click here to skip the menu and go to the page content

rebecca's pocket

about / archive / syndicate

.: July 2006 --> Recommended: The Immigration Equation

Recommended: The Immigration Equation

» A Little Weekend Reading: The Immigration Equation probes the immigration debate through the lens of two economists: David Card, a Canadian who believes that "immigration is no big deal and that a lot of the opposition to it is most likely social or cultural" and George Borjas, a Cuban immigrant who believes he has proven that immigrants hurt the economic prospects of the Americans they compete with. It's a thought-provoking and subtle examination of a complex issue.

That stark contrast conveys, to economists, two important facts. One is that Mexicans are supplying a skill level that is much in demand. It doesn't just seem that Americans don't want to be hotel chambermaids, pick lettuce or repair roofs; it's true. Most gringos are too educated for that kind of work. The added diversity, the complementariness of skills, that Mexicans bring is good for the economy as a whole. They perform services that would otherwise be more expensive and in some cases simply unavailable.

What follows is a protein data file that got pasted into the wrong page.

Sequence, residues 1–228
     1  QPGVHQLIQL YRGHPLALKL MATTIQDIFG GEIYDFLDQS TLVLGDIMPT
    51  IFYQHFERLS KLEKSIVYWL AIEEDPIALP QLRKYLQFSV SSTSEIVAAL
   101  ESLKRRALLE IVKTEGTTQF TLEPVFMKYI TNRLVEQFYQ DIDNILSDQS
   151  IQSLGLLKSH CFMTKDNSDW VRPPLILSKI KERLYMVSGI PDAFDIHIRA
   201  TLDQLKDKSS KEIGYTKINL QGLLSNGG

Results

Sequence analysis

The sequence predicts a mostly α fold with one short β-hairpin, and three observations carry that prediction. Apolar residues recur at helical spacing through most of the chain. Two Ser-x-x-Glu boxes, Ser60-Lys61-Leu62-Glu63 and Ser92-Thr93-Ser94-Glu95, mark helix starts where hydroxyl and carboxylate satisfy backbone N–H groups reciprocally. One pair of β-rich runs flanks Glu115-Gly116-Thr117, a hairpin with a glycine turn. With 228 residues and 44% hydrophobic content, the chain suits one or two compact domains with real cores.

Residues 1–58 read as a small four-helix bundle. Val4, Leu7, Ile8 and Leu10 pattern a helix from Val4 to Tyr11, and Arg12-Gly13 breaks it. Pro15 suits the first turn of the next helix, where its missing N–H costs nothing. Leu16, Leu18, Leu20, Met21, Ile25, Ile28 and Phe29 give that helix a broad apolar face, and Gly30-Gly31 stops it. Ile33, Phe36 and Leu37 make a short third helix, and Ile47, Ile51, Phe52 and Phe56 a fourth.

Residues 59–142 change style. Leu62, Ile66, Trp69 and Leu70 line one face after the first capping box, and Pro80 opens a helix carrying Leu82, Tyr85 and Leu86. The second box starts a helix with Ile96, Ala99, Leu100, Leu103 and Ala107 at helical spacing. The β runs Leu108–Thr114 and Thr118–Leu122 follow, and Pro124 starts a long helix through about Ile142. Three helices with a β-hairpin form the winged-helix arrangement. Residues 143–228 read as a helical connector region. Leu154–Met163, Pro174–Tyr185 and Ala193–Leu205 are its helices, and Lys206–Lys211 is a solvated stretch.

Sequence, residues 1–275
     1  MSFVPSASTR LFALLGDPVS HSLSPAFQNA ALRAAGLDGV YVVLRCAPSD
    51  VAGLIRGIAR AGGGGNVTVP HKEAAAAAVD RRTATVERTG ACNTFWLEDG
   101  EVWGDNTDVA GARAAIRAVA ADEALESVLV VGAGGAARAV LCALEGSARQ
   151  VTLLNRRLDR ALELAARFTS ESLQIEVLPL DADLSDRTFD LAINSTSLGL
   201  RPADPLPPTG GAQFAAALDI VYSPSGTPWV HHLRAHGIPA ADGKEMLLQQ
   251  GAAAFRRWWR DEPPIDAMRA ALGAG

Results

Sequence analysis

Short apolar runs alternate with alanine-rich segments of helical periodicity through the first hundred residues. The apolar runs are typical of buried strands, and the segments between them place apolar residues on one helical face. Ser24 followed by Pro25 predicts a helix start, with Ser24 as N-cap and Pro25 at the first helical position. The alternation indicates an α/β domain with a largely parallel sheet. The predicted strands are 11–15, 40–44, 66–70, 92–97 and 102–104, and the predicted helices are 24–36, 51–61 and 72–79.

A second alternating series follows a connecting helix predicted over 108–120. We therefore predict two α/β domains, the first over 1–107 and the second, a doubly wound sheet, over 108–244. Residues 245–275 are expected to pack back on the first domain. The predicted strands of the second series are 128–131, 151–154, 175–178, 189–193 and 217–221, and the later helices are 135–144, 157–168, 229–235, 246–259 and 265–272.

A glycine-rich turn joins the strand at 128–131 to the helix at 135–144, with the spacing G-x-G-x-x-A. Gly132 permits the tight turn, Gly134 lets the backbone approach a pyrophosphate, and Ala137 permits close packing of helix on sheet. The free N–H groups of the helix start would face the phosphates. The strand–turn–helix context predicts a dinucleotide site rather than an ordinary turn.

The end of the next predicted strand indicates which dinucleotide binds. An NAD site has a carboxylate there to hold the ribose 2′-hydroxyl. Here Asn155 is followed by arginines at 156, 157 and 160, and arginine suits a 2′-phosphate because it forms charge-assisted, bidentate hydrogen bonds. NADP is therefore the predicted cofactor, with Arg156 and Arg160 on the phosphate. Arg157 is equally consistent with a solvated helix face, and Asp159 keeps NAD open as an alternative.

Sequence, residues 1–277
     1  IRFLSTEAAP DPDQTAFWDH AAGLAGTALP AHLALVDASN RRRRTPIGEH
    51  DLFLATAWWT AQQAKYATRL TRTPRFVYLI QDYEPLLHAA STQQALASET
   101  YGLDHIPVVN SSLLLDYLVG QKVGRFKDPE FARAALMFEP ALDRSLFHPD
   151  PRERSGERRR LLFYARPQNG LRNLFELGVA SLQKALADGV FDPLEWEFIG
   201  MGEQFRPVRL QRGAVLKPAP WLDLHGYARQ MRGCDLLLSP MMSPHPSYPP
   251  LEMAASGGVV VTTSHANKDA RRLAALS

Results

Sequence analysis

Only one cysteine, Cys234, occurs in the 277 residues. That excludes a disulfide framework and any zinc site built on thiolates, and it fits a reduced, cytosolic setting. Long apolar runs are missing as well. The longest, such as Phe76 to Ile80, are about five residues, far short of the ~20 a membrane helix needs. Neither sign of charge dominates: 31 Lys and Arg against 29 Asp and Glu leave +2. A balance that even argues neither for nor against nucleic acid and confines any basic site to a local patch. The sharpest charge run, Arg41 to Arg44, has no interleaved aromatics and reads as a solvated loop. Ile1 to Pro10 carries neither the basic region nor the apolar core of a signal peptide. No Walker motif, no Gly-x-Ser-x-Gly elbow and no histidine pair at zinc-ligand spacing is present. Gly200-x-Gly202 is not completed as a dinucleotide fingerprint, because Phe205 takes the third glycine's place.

The Americans who are unskilled, however, must compete with a disproportionate number of immigrants. One of every four high-school dropouts in the U.S. was born in Mexico, an astonishing ratio given that the proportion of Mexicans in the overall labor force is only 1 in 25. [...]
That's the theory. But economists have had a hard time finding evidence of actual harm.

 [ 07.14.06 ]



» primary link / supplemental information / internal link

my book

» the weblog handbook
amazon editors' best of 2002, digital culture

recent posts